The evolution of technology has not only changed the way we live, but has transformed the way we approach exercise and our health. Fitness-based technology such as wearable trackers, GPS devices, smartphone apps and fitness games have made monitoring personal health and fitness and goal setting, simple.
According to Garmin Australasia General Manager Adam Howarth, the global market for wearable trackers has grown significantly and these tech devices have become mainstream instead of just appealing to an athletic user base.
“For many years, Garmin itself used to focus only on high end activity trackers for triathletes and other niche areas; however today, we offer much more – from basic activity trackers to high end multi-sport devices.”
Tracking data from your workout can be as simple as counting steps or calories burned, monitoring heart rate, reaching personal bests, or tracking stress levels.
“You can go from an understanding of what you are doing from a caloric burn or how far you are moving in a day and if you are using one of our high end devices, essentially you can use it as a personalised coach,” Howarth said.
Is technology taking over PTs?
Although Howarth doesn’t think technology will ever replace the personal aspect of a coach and the human element that personal one-on-one coaching provides, there is something to be said about the convenience of having exercise instruction, programming, and motivation, at the touch of a keypad.
“Trackers definitely motivate, but it’s a different type of motivation. A wearable or computer can be used as a benchmark,” Howarth said. “You are able to see where you need to improve, and when you see that improvement, that continues to motivate you.”
Howarth added that motivation also stems from users having access to online communities where they can compare fitness results with peers. Communities like Garmin Connect allow users to share and plan activities, and create training groups where they compete, challenge and encourage one another – it’s like having your own social support crew!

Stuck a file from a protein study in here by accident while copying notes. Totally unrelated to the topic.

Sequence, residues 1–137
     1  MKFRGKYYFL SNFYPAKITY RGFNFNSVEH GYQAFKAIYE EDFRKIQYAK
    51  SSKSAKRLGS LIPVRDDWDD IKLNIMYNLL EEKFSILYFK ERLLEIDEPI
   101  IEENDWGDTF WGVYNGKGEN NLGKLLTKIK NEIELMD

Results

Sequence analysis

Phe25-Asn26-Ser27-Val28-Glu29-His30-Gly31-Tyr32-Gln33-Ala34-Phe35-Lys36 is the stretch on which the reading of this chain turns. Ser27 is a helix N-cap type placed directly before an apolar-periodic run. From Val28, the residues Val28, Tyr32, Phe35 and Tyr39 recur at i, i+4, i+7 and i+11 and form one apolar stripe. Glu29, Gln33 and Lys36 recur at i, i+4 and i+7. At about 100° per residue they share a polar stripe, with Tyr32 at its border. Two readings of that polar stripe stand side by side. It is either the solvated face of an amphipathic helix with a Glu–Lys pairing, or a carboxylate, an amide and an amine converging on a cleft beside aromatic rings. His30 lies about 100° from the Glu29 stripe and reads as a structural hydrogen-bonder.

Garmin Creative and Social Media Manager, David Badaoui, recommended the vívoactive 3 GPS Smartwatch, as the best all-rounder from the vivo health and fitness tracker range for anyone to use on a daily basis as it is water-resistant (up to 50m), has a heart rate monitor for land activities, up to 50 native sport profiles built in and GPS functionality to map your routes, amongst other features.
What about for the future of technology and exercise, you may ask.
Howarth said, “there’s always something to look forward to and potentially, it’s just the tip of the iceberg. As we move forward, the technology will only get better and better.”
Currently, Garmin has a range of high-tech trackers that you can choose from, designed to complement a variety of different exercises and activities.
Here are some cool ways you can use a fitness tracker to take your workouts to the next level:
- Go stand up paddling with the Vivoactive 3: Use it to gain insight into the time spent vs distance covered, total strokes, distance per stroke, your average speed, total calories burnt and view a GPS log
- Take a yoga class with the Vivoactive 3: Use the heart rate variability tracker to monitor your stress levels
- Go swimming with the Forerunner 935: Create your own custom swim workout and get feedback on your stroke type, distance, rate, efficiency, lap times and overall indication of your pool stamina
- Train for a triathlon with the Forerunner 735XT: The multisport feature allows you to transition disciplines with the touch of a button
- Create a custom running workout with the Forerunner 645 Music: Get feedback on your running form with detailed running dynamics like ground contact time balance, vertical ratio, stride length and running power.
Garmin’s newest model, the Forerunner 645 Music GPS Running Watch, also includes features like Garmin Pay Ready contactless payment functionality for convenient payments and storage for up to 500 songs.